Saturday, 10 August 2013

SMS Emden and the shelling of Madras

SMS Emden
It was a normal September's evening in the harbour of Madras. Even though the First World War was already tearing Europe apart there were no Central Powers forces to worry about in the far east save for the SMS Emden which was out in the Indian ocean somewhere but her presence was not widely known and she was harrassing merchant shipping,  it was of no concern here.

At about 21.30 a four stacked light cruiser drifted in, her silhoutte looked like a Royal Navy Cruiser like HMS Yarmouth and she coasted lazily into the centre of the harbour.

Then the shooting started.

The German Light Cruiser SMS Emden was the last vessel of the German East Asia squadron in the theatre. Admiral Von Spee had taken the rest towards the Atlantic and the main German high seas fleet. Korvettenkapitan von Mueller had began raiding allied shipping to cause confusion and chaos. With a dummy smoke stack errected and the colours of the Royal Navy Emden looked like HMS Yarmouth, she would quickly swap colours, fire a warning shot and order them to "Stop engines, no wireless."

Now, in a daring move Kapitan von Mueller led his vessel into Madras harbour. Fire was concentrated on the Burmah oil companies storage tanks and after thrity well placed shells they burst into flames lighting up the night's sky.

The German raider's guns were turned on to the vessels in the harbour and the city itself. One vessel was sunk with the death of five crew and twenty six injured. Within half an hour of the attack commencing Emden, already coming under fire from the shore batteries, turned and left the port having expended 125 rounds of ammunition.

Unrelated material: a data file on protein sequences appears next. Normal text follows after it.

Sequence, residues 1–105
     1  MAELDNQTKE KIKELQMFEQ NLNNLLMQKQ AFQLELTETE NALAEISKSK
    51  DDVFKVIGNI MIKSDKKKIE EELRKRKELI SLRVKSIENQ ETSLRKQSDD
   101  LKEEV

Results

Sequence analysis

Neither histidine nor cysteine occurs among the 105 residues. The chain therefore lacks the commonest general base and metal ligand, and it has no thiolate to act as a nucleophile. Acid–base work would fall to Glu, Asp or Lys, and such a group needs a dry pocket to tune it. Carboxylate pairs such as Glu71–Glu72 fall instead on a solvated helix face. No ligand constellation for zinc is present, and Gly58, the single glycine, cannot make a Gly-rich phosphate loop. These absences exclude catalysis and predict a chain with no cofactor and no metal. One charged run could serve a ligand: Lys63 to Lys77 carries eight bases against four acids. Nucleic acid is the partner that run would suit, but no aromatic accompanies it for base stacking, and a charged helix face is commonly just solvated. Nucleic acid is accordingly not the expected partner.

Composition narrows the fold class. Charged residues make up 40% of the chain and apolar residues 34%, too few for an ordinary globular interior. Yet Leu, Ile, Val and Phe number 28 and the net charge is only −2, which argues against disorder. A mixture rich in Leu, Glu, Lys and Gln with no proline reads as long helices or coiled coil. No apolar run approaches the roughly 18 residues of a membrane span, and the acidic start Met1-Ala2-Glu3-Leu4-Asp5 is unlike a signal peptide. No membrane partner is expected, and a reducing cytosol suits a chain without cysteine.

The material losses were not great but in her wake Emden left chaos.

Around 20,000 people fled the city [1] fearing that Emden may return with reinforcements, even the governor of Madras did not come to the city until 25th September (three days after the raid) after assurances the Germans had left and even then he did not linger.[2]

The British press did not want to admit that they had lost Emden and that she was still roaming the Indian Ocean unhindered. They also didn't want to publicise how easily a German warship had entered a British port and caused damage.

Their silence did nothing to belay fears of the populous and the exodus continued. Emden became synonymous with fear and cunning, mothers in Ceylon would tell naughty children that the Emden bogeyman would get them. Even today the word Emdena means someone who is crafty and sneaky.

The people of Madras always kept an eye on the horizon for the German's return and did not breathe a sigh of relief until news of her fate reached them on the 11th November 1914, but that is another story...

No comments:

Post a Comment